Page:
The Kruger National Park  is home to some 336 different tree species, however the park is generally divided into two main types of plant areas: the mopane veld and the thorn veld. The mopane veld, which is north of the Oliphant River, also includes various shrubs and red-bush willows, especially in the west.

Kruger National Park
A spotted hyena emerges from the grassland of the Kruger National Park

The thorn veld in the southern portion of the park includes a central and western region which also includes red bush-willow, as well acacia, and to a lesser extent marula tree. Acacias need to be close to a water source, so tend to grow along rivers and streams, as do Nwatimhiri bushes, which are common in this region near the Sabie River. The eastern portion of the thorn veld consists of knob thorn and marula veld, as well as some leadwood trees, however the area is mainly open fields full of buffalo grass and red grass. These grasses are the dominant species in the area, and provide food sources for many of the grazing animals that reside in the park.

Some of the other prevalent species that grow in the park include baobab, common cluster fig, common coral tree, delagoa thorn, fever tree, lowveld fig, jackalberry, natal mahogany, monkey orange, Transvaal mustard tree, Lala palm, raisin bush, tamboti, sausage tree, and round-leaf teak.

Animal Life 

Kruger National Park
Large herd of cape buffaloes beside a river in Kruger National Park. 

The Kruger National Park is best known for the visibility of the ‘big five’ animals of Africa. These animals include the African Elephant, African lion, Cape buffalo, African leopard, and black rhinoceros. The first four, in particularly, are quite common in the park. There are an estimated 17,000 elephants in the park at any given time, 1,500 lions, a whopping 48,000 buffalos, and 1,000 leopards. Black and white rhinos are both found in the park as well, but in much fewer numbers as they are very much an endangered species worldwide.

Kruger National Park
An African leopard resting on a tree during sunset in Kruger National Park. 

Aside from these most-sought after species, 147 other mammals live in the region. There are a number of different grazing animals that take advantage of the wide grasslands and plains, such as zebras, antelope, kudu, nyala, eland and bushbuck, as well as impala, wildebeest, klipspringers, steenbok and duiker, to name a few.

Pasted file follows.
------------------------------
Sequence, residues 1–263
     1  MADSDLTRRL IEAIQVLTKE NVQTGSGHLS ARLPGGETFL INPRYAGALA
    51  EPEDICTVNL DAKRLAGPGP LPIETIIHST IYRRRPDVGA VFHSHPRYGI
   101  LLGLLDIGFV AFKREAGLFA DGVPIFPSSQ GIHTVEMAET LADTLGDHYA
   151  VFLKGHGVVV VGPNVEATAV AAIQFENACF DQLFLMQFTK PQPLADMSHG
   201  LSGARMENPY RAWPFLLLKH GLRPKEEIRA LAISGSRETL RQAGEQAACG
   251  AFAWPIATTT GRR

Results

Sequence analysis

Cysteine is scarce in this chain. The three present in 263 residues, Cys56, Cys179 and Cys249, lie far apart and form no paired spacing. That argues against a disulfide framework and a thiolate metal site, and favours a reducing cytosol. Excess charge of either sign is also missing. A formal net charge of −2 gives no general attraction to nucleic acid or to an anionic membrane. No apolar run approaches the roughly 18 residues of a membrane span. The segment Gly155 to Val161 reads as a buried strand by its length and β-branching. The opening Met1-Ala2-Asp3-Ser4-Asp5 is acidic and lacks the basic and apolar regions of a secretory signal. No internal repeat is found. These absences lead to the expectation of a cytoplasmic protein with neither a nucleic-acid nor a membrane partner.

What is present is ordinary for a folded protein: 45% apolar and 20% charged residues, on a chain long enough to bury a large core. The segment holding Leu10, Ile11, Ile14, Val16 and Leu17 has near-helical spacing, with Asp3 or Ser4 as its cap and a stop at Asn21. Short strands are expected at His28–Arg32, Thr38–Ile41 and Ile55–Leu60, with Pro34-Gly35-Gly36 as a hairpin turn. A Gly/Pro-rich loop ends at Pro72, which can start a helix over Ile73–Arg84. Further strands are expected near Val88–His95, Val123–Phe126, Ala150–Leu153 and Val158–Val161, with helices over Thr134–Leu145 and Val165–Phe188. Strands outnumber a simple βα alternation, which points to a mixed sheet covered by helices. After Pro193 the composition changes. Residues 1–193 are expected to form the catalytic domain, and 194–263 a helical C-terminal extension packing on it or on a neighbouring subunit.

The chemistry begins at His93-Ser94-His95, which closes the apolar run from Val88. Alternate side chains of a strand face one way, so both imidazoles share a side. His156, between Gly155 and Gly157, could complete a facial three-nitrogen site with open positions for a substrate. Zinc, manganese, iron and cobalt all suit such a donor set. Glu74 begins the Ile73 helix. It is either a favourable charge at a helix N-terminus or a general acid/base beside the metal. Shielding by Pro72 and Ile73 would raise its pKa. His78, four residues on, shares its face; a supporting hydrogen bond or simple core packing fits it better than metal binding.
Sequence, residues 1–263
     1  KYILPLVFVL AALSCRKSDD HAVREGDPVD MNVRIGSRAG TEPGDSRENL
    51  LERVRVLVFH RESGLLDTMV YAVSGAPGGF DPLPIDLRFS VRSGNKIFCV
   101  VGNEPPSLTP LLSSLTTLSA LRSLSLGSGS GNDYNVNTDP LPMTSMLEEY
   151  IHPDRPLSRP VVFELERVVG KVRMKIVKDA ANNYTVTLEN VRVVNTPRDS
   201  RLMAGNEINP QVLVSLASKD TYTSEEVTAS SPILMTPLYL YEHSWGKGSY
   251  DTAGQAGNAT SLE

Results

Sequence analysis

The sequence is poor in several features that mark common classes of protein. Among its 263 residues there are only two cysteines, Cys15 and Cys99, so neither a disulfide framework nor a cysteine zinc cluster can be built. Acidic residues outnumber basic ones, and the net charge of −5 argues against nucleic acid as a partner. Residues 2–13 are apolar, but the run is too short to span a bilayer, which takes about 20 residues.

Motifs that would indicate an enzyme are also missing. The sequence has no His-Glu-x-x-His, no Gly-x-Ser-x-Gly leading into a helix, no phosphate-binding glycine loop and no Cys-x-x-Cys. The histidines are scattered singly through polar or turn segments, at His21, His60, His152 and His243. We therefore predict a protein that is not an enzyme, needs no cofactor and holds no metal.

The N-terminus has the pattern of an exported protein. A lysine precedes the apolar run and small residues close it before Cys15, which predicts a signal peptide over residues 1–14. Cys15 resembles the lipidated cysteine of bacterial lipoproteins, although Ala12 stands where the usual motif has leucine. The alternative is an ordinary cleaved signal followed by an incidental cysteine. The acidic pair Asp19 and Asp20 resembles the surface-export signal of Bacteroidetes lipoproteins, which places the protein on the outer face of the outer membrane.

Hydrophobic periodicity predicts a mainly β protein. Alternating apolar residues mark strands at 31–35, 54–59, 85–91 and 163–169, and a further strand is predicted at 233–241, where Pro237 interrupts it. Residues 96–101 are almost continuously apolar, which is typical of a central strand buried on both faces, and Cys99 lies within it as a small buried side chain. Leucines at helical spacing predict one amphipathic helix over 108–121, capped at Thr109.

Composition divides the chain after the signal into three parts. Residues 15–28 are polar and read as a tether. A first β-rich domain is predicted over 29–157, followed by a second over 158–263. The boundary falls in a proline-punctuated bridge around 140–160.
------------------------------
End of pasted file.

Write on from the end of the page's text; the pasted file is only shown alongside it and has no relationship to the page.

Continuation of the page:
Giraffes are also common here, and are able to feast off of the leaves of many of the tree species in the area, while warthogs and bushpigs reside in the denser brush areas of the park. 

Kruger National Park
Giraffes and zebras in Kruger National Park. 

Predators, aside from the lion and leopard, include cheetahs, the African wild cat, serval, caracal, aardwolves, wild dogs, and hyaena. Kruger is also home to a variety of smaller mammals such as 20 types of mice and rats, various moles, shrews and bats, including three types of fruit bat, pangolins, hares, two species of bushbaby, and vervet monkeys, samango monkeys, and chacma baboons. 

Other Fauna

Southern yellowbilled hornbill eating a frog (Kruger National Park
Southern yellowbilled hornbill eating a frog in Kruger National Park.

About 517 species of birds are found in Kruger National Park. Some of the notable birds that are found here include the lappet-faced vulture, kori bustard, saddle-billed stork, martial eagle, ground hornbill and Pel's fishing owl.

Kruger National Park
Nile Crocodile in Kruger National Park. 

Over 126 species of reptiles including African rock pythons, black mamabas and about 3,000 Nile crocodiles are also found in the park. The National Park also hosts 33 species of amphibians and 50 fish species. Several invertebrates like termites, arcahnids and butterflies have also been recorded in the Kruger National Park.